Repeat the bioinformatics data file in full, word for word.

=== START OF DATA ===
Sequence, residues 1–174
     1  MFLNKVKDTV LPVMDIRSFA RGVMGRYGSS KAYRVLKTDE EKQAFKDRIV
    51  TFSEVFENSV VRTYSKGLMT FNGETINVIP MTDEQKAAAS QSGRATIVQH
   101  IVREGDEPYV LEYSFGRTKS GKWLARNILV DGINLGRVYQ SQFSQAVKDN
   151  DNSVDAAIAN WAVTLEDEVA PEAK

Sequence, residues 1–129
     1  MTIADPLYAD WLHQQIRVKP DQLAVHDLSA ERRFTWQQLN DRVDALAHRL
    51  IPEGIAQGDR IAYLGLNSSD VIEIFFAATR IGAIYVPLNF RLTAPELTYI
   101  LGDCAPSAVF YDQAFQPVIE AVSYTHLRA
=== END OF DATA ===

Sequence, residues 1–174
     1  MFLNKVKDTV LPVMDIRSFA RGVMGRYGSS KAYRVLKTDE EKQAFKDRIV
    51  TFSEVFENSV VRTYSKGLMT FNGETINVIP MTDEQKAAAS QSGRATIVQH
   101  IVREGDEPYV LEYSFGRTKS GKWLARNILV DGINLGRVYQ SQFSQAVKDN
   151  DNSVDAAIAN WAVTLEDEVA PEAK

Sequence, residues 1–129
     1  MTIADPLYAD WLHQQIRVKP DQLAVHDLSA ERRFTWQQLN DRVDALAHRL
    51  IPEGIAQGDR IAYLGLNSSD VIEIFFAATR IGAIYVPLNF RLTAPELTYI
   101  LGDCAPSAVF YDQAFQPVIE AVSYTHLRA